Post-wildfire impacts on microclimate—a numerical investigation
Elizabeth Mulvihill Page, UCAR/COMET, Boulder, CO; and W. R. Cotton
Wildfires burn thousands of acres of land every year, and regions subjected to severe fire behavior experience significant changes in landscape characteristics. Wildfire burn scars show decreased vegetation through burning, and darkening of the soil surface and drying of sub surface soil layers. This study explores the changes to the microclimate and local heat budget of the region as a result of these environmental changes.
The Colorado State University Regional Atmospheric Modeling System was used to simulate the physical processes at work in the burn scar environment. The effects of the burn scar were evaluated by first examining the surface temperature field changes due to reduced albedo and soil moisture. To further evaluate the heating effects, sensible heat flux and latent heat flux were assessed. The horizontal wind field was analyzed for changes due to the presence of the burn scar. The vertical velocity pattern was then examined to see whether upward motion was induced by the differential heating over the domain.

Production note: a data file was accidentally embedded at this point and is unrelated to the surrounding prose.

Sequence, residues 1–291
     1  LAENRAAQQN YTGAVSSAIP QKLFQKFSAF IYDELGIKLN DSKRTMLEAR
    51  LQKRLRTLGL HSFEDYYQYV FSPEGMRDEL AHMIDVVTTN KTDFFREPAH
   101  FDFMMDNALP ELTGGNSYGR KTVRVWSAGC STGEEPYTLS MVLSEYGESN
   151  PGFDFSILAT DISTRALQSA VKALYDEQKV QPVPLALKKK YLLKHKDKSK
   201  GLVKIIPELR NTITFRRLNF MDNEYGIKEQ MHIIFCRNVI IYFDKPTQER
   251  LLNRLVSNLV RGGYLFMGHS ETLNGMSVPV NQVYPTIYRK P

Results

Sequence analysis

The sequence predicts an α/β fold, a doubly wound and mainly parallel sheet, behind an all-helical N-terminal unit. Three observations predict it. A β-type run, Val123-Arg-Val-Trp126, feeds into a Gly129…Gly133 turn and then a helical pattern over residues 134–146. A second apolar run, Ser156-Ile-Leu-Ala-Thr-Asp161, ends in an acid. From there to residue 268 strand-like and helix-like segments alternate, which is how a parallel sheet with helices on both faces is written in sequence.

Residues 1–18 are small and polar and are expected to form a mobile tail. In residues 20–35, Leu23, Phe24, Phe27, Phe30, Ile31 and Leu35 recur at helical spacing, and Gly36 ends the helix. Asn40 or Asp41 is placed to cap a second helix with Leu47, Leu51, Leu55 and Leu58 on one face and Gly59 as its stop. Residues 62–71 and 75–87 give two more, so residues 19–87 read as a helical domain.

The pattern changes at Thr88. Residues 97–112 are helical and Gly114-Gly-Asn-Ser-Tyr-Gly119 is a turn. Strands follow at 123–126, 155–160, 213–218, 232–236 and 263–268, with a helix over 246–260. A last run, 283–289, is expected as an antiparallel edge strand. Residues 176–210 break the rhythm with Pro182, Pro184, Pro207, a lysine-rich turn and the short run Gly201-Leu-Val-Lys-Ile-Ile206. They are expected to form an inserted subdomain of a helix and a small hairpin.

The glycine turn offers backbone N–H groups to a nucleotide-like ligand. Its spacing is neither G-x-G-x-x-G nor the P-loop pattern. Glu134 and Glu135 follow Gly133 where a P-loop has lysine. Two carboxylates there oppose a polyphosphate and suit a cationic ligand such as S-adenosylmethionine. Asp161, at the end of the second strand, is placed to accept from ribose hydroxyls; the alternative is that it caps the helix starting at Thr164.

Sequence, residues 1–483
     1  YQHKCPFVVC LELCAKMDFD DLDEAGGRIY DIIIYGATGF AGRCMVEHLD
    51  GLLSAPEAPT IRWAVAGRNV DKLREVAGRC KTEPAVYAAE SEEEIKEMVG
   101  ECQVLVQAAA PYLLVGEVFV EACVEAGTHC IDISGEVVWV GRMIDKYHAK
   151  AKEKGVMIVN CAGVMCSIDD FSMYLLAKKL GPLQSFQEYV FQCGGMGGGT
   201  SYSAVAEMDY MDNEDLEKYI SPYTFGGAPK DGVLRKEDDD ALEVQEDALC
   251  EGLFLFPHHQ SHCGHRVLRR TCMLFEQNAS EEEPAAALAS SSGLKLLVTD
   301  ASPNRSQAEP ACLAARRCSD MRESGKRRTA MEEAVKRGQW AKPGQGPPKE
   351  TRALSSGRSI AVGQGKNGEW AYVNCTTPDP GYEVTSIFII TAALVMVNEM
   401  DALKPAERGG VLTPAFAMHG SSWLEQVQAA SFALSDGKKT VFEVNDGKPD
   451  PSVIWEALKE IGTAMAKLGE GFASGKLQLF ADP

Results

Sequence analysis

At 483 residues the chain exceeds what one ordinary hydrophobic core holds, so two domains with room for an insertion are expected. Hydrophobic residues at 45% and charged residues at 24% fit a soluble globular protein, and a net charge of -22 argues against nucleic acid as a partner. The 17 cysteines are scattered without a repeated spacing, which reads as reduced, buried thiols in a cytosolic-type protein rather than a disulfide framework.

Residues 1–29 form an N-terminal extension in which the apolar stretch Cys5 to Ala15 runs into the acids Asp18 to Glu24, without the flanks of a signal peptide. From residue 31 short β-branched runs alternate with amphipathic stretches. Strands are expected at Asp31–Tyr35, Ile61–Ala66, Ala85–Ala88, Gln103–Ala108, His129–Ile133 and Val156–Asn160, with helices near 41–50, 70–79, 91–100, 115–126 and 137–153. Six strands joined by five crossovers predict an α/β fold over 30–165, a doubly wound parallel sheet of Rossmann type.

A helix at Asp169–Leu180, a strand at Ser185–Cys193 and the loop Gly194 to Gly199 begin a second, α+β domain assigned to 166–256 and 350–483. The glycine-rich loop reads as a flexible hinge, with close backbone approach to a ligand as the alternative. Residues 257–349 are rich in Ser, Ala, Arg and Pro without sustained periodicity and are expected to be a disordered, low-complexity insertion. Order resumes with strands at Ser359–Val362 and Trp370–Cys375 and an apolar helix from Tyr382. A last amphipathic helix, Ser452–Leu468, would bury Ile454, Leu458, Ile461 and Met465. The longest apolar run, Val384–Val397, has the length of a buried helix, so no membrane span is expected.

The results show that the burn scar significantly affected the microclimate of the environment. The increased sensible heat flux and temperatures over the burn scar resulted in convective development and cloud formation. Sensitivity tests revealed some effects of soil moisture changes in the burn scar while distinct differences were seen with a stronger initialization wind field.
Session 3, Applied Climate Sector Studies
Tuesday, 19 January 2010, 8:30 AM-9:45 AM, B211
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